Architecture Set In Motion1631 words - 7 pages 1. Bouffrand: Salon de la Princess, hotel de Soubise, Paris, France, begun 1730's Salon de la Princess, is a many sided cylindrical interior room and is part of the Rococo style that incorporates minimal architectural features and light airy decor, that develops into a profession of interior design. Rococo is the revolt against complicated Baroque that decorated the interior of Versailles, in revolt against the palace and after the...
Home • Sitemap • About
Neoclassical and Romantic Painting
|landscape||Barbizon school, Turner, Constable|
The ages of Neoclassicism and Romanticism both span approximately the late eighteenth and nineteenth centuries.1,2 (Within this period, Neoclassical artistic activity peaked first, then Romantic.) Both movements flourished across Western Europe (especially in the north) and the United States, and to a lesser extent in Eastern Europe.
Following the extravagance of Baroque and Rococo, a general longing for the restraint of classicism emerged, fuelling the rise of the Neoclassical movement. Another factor was the excavation of several major classical sites (including Pompeii and Athens), which expanded knowledge of ancient art and provided an enormous burst of inspiration.3,15 (The "Pompeian styles" of wall painting, for instance, were adopted for Neoclassical interior decoration.H913) The heart of Neoclassical painting was France, where the legacy of Poussin continued to resonate.19
Meanwhile, many artists of this period sought to break new ground in the expression of emotion, both subtle and stormy (see Western Aesthetics). This was the Romantic movement, which embraced a number of distinctive themes, including historical nostalgia, supernatural elements, social injustices, and nature. Indeed, the Romantic adoration of nature caused landscape painting to flourish like never before. (Landscape painting can be defined as "painting in which the environment is the primary subject; figures are absent or secondary".)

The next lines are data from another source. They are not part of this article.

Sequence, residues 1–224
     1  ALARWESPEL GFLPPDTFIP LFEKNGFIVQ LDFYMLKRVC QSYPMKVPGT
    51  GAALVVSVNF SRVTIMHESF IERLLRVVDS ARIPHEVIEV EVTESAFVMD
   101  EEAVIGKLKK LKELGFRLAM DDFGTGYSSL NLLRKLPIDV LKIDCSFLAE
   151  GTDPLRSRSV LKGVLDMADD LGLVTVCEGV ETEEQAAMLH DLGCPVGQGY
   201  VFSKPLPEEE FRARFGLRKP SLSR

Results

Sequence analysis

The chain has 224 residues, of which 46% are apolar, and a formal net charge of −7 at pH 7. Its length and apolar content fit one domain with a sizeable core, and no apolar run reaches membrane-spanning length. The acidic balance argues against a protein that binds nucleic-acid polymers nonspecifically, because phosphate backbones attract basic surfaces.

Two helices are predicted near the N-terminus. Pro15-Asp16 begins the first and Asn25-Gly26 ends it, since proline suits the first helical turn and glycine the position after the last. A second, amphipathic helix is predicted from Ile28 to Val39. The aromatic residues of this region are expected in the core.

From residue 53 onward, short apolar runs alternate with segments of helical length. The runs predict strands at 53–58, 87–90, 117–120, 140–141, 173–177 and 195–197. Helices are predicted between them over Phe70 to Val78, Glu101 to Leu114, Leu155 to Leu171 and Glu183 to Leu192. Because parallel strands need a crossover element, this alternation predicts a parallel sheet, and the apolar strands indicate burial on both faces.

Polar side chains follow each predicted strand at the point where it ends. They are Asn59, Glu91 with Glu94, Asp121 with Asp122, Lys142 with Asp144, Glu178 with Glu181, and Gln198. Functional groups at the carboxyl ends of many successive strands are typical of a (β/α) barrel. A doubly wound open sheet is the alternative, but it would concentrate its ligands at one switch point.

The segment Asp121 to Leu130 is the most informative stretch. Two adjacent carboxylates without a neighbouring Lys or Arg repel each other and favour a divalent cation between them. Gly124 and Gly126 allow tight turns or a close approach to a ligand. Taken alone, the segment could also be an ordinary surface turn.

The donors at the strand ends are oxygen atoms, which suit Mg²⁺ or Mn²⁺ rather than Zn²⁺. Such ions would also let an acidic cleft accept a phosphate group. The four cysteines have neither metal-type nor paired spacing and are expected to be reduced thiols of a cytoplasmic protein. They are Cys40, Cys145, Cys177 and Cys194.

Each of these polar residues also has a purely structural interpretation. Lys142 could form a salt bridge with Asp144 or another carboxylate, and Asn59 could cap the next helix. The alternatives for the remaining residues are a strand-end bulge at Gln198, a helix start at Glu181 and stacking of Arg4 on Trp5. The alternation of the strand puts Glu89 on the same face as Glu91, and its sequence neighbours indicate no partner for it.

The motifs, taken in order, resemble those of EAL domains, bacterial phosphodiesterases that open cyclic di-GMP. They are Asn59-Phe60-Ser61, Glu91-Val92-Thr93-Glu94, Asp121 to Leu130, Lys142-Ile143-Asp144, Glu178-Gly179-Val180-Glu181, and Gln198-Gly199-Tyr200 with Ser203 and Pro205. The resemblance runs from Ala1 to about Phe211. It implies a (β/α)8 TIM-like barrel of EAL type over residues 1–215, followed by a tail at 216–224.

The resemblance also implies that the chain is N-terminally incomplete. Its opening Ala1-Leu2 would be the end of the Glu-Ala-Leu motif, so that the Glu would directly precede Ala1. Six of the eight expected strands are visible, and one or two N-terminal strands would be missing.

Painterly vs. Linear Style
Neoclassical painting usually features a linear style (in which the outlines of objects are sharply defined, thanks to carefully controlled brushstrokes), whereas Romantic painters tended to favour a painterly style (in which freedom of colour takes precedence over sharply-defined forms; brushstrokes are less restrained, resulting in somewhat "messy" outlines). The painterly style often has visible brushstrokes, while the linear style features smooth areas of colour, in which no brushstrokes can be seen.
The world of painting was revolutionized by industrialization. The mixing of paint, a laborious procedure when performed by hand (such that it was often delegated to apprentices), was increasingly automated. New colours became available as artificial pigments were developed, and the packaging of paint in metal tubes finally made it convenient for artists to leave the studio and paint on site. (Up until the invention of the paint tube, artists usually only prepared sketches on site, returning to the studio for the actual painting.)E78,16
The Neoclassical/Romantic age also witnessed the founding of public museums throughout the West. For the first time in history, large collections of artistic (and historical) objects were made available for everyone to see. The very first public museum was the Louvre, which opened under the reign of Napoleon.C100